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© J.M. Ghigo (Institut Pasteur) and Brigite Arbeille (LBC-ME. Faculté de Médecine de Tours)
Colorized scanning electron microscopy of an E. coli biofilm developing on a glass surface
Publication : Journal of Bacteriology

CpxR/OmpR interplay regulates curli gene expression in response to osmolarity in Escherichia coli

Scientific Fields
Diseases
Organisms
Applications
Technique

Published in Journal of Bacteriology - 01 Mar 2005

Jubelin G, Vianney A, Beloin C, Ghigo JM, Lazzaroni JC, Lejeune P, Dorel C.

Link to Pubmed [PMID] – 15743952

J Bacteriol. 2005 Mar;187(6):2038-49

Curli fibers could be described as a virulence factor able to confer adherence properties to both abiotic and eukaryotic surfaces. The ability to adapt rapidly to changing environmental conditions through signal transduction pathways is crucial for the growth and pathogenicity of bacteria. OmpR was shown to activate csgD expression, resulting in curli production. The CpxR regulator was shown to negatively affect curli gene expression when binding to its recognition site that overlaps the csgD OmpR-binding site. This study was undertaken to clarify how the interplay between the two regulatory proteins, OmpR and CpxR, can affect the transcription of the curli gene in response to variation of the medium osmolarity. Band-shift assays with purified CpxR proteins indicate that CpxR binds to the csgD promoter region at multiple sites that are ideally positioned to explain the csg repression activity of CpxR. To understand the physiological meaning of this in vitro molecular phenomenon, we analyzed the effects of an osmolarity shift on the two-component pathway CpxA/CpxR. We establish here that the Cpx pathway is activated at both transcriptional and posttranscriptional levels in response to a high osmolarity medium and that CpxR represses csgD expression in high-salt-content medium, resulting in low curli production. However, csgD repression in response to high sucrose content is not mediated by CpxR but by the global regulatory protein H-NS. Therefore, multiple systems (EnvZ/OmpR, Cpx, Rcs, and H-NS) appear to be involved in sensing environmental osmolarity, leading to sophisticated regulation of the curli genes.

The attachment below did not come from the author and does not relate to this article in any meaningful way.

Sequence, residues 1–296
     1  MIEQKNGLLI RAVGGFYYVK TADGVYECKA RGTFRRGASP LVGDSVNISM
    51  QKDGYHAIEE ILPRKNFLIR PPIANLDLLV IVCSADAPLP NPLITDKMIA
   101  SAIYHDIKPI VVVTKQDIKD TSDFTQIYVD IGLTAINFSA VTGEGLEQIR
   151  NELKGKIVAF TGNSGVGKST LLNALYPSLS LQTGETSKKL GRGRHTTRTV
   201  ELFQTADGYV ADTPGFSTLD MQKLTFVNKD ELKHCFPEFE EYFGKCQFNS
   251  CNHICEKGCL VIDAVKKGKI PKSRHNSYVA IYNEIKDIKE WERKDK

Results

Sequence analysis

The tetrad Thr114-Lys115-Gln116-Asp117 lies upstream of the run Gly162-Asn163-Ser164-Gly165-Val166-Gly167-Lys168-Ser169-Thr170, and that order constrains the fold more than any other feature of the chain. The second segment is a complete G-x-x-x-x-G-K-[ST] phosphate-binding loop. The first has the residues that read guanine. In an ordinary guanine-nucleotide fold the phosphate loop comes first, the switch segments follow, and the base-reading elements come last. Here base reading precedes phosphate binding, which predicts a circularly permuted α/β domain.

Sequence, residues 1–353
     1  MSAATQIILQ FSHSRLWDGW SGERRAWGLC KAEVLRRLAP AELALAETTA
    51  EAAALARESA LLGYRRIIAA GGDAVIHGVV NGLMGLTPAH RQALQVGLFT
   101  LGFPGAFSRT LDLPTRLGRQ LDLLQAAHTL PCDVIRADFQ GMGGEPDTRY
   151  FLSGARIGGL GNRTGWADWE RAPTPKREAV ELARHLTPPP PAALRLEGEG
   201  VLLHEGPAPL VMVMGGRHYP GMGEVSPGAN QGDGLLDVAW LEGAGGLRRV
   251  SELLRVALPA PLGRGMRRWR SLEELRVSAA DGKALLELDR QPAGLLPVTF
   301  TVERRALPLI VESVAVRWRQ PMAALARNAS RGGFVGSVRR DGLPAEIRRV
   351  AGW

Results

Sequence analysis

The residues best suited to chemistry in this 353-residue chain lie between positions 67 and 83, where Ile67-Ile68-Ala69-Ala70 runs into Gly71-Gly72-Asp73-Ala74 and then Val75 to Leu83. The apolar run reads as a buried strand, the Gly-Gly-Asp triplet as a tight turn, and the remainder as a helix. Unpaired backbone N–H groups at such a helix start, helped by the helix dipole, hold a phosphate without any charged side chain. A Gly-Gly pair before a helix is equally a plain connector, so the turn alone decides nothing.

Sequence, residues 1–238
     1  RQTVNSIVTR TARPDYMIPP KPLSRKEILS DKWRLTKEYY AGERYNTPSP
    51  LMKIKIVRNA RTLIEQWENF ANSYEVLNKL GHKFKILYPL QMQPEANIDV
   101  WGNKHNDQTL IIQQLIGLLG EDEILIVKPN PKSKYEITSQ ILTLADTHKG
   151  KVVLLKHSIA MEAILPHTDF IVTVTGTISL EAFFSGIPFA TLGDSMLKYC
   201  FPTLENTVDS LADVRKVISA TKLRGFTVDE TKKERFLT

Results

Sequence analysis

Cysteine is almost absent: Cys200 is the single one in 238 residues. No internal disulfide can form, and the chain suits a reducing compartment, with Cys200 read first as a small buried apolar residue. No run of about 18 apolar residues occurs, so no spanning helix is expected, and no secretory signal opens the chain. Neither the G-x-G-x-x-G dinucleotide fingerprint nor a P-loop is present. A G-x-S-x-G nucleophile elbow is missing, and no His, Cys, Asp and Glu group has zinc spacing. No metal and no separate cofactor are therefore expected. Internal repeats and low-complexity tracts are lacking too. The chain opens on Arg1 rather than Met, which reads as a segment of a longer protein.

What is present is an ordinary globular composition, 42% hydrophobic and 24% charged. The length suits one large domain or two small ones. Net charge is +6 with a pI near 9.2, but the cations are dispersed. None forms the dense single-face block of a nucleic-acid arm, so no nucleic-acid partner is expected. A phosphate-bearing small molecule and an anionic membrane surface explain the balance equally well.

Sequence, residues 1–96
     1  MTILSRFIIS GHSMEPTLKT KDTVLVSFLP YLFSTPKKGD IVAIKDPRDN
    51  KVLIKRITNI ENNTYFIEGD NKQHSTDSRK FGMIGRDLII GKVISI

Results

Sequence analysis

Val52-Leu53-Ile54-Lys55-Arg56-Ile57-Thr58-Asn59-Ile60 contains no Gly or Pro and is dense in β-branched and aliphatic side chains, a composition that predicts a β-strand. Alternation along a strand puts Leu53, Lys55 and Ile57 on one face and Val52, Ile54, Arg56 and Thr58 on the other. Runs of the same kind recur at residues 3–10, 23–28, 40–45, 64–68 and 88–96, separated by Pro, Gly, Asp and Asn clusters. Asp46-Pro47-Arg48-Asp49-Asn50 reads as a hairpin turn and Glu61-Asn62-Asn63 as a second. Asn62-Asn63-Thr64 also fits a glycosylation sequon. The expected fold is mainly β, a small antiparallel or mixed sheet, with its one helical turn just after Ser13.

http://www.ncbi.nlm.nih.gov/pubmed/15743952